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efhernandez_

Active member
As many of you may know, malakas is probably one of the most popular words and swearwords in the Greek language. I hear it all the time when I'm travelling in Greece, and even when I'm in the United States. People can't seem to get enough of it. And its original state, the word means "wanker" which is commonly used in the UK. Although, the word has taken on many forms and can mean pretty much anything from "you're my best friend" to "I hate you."

 

Sandyrigo

New member
When the high school boys hit the beach, I often tease my nephew and say “the malakas brothers were all at the beach today.”
 
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ellinasgolfer0320

Well-known member
It has several meanings which depend on the context of the conversation:

Ela re malaka - what the hell asshole
Malaka - asshole/wanker
Ti kaneis re malaka? - how are you dude/bro?
Me koroϊdeveis? Den eimai malakas - Are you messing with me? I'm not a fool.
 
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nm1999

Active member
It has several meanings which depend on the context of the conversation:

Ela re malaka - what the hell asshole
Malaka - asshole/wanker
Ti kaneis re malaka? - how are you dude/bro?
Me koroϊdeveis? Den eimai malakas - Are you messing with me? I'm not a fool.
Great explanation! This should be on posters in Greece for tourists lol
 
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panatha

New member
For m malakas is a malakas period
 
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cubrinj

Member

ellinasgolfer0320

Well-known member

Patisqua

Member

Patisqua

Member
I always thought a Malaka was a wanker. Thanks for the education.
 

k_tsoukalas

Moderator
This is one of the first Greek words I learned! Thanks for sharing this. :)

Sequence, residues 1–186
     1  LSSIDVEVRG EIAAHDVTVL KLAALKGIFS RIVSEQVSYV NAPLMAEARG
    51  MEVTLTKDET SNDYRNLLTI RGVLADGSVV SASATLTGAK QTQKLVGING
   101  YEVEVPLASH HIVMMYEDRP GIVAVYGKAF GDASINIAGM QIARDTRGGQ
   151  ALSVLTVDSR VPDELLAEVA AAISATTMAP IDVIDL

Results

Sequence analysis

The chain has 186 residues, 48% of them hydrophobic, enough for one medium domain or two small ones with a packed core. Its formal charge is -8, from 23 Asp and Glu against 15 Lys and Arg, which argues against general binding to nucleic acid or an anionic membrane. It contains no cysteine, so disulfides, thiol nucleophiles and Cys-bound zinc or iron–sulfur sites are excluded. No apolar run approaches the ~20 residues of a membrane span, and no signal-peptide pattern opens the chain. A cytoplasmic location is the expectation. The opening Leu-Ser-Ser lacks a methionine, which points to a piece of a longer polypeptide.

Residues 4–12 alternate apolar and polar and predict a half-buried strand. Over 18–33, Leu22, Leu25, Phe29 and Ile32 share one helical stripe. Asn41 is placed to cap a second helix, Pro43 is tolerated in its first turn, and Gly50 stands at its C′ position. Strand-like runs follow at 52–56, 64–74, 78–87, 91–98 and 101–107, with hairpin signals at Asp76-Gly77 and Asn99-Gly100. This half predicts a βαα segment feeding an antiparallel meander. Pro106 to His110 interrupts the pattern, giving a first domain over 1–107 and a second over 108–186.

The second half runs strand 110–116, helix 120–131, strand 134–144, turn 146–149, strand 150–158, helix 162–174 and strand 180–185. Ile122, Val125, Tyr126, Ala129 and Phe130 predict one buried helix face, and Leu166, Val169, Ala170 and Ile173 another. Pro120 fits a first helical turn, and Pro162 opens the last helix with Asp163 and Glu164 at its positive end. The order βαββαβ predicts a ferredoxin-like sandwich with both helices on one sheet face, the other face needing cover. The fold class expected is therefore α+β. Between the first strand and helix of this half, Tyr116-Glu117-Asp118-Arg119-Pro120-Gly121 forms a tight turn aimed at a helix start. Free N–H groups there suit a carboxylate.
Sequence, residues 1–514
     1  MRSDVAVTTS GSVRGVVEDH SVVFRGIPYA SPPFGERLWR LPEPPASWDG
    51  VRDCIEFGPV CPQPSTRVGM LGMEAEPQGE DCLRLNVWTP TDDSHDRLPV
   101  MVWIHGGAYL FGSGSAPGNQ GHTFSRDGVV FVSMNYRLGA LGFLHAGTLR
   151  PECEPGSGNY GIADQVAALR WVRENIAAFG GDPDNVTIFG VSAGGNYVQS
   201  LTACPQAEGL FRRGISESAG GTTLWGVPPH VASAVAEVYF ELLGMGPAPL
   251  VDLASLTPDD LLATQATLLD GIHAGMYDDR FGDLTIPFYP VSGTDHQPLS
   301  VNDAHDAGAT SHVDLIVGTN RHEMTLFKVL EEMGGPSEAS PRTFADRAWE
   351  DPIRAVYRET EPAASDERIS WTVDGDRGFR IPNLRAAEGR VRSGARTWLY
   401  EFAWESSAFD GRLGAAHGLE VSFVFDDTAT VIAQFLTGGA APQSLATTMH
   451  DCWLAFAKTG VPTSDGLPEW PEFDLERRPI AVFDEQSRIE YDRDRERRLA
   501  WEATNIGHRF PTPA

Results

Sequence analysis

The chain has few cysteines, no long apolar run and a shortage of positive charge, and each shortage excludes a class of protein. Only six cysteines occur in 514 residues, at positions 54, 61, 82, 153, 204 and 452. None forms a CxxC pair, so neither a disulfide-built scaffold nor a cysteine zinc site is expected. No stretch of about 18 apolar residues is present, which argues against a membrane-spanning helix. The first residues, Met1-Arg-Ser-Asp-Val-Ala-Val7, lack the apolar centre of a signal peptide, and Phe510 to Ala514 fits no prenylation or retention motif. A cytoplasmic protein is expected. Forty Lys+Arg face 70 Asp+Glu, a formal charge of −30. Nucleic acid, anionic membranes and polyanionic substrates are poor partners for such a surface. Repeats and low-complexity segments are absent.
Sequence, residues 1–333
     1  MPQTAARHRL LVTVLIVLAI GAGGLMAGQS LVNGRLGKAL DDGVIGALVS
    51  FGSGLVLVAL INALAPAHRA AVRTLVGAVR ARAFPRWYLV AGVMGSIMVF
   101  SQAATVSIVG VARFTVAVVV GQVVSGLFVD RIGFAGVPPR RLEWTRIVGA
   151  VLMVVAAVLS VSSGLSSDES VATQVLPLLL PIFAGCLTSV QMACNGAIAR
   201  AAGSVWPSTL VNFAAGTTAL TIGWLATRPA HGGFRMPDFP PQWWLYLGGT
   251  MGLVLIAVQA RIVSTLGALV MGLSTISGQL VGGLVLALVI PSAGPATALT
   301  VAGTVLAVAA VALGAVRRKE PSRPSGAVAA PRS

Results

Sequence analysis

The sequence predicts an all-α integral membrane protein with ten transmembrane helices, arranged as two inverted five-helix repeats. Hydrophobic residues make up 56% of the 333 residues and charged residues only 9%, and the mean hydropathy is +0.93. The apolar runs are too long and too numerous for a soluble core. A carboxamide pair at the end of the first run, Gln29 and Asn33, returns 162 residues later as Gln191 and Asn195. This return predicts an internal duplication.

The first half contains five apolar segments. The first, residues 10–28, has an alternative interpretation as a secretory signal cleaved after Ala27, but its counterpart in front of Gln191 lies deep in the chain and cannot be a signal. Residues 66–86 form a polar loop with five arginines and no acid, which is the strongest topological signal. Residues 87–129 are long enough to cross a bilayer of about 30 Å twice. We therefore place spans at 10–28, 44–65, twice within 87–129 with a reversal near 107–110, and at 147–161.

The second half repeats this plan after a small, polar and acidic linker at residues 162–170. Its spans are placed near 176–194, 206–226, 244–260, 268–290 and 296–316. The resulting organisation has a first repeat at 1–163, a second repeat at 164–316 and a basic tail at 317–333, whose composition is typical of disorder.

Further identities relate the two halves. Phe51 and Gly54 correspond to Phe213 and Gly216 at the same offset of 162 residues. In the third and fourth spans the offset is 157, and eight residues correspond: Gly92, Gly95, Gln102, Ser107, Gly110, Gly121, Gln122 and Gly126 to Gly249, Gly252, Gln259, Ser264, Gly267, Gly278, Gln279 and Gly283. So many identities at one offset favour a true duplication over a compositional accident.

Ohi Day is Coming Up - How Do People Celebrate?

I am trying to learn about the Greek culture. Many of you may have seen my posts lately about phyllo...I realize that I want to know more than just the food! I looked on the calendar and it seems that Ohi Day is coming up - how do people usually celebrate? From what I gather, people in Greece who are in the workface get this day off? Besides that, how do people spend the day?

Greek Ships Christmas Tradition?

I have heard of the tradition of decorating boats in Greece for Christmas. I think it's called karakavi? Does anyone know anything more about it? This isn't a tradition my family adopted but I have heard of friends doing it. I am thinking of adding it to our holiday celebrations this year.

From what I can tell, people who don't have an actual boat decorate models of boats. At first, I thought based on pics I had seen of Greece in the past, that boat owners were just being festive. lol

Finding a Wedding Planner in Greece?

I decided to do a destination wedding in Greece. I mentioned in an earlier thread that I am not an Orthodox Christian but have decided on the Athens area because I think there are some great photo opportunities all over the city and it is a bit more accessible. Anyway, I know I need help getting everything organized. How does one go about finding a wedding planner in Greece who can help?

Translating a few lines from English to Greek

Can anyone possibly help me translate a few lines into Greek? I used to be able to read and write Greek when I was a child, but these days I can barely read at all.

I have a few lines of Greek dialogue in a book I'm writing, and even though Google Translate does a reasonable job of translating English to Greek, from what I can make out, the translation doesn't look correct in the way a normal Greek would casually say the words - the translation just looks a little too formal. Could someone possibly take a look for me - it would only take a few minutes to read through the 3 - 4 lines?

Thanks

How do you choose a name day?

I am wondering how you guys all choose a name day to celebrate. For example, I have a friend named John, and there are multiple saints that have that name. He said he chose the saint that resonated the most with him. I have another friend, also named John, who celebrated a different one because that is the one that the parents had selected. How do you know what the right choice is?
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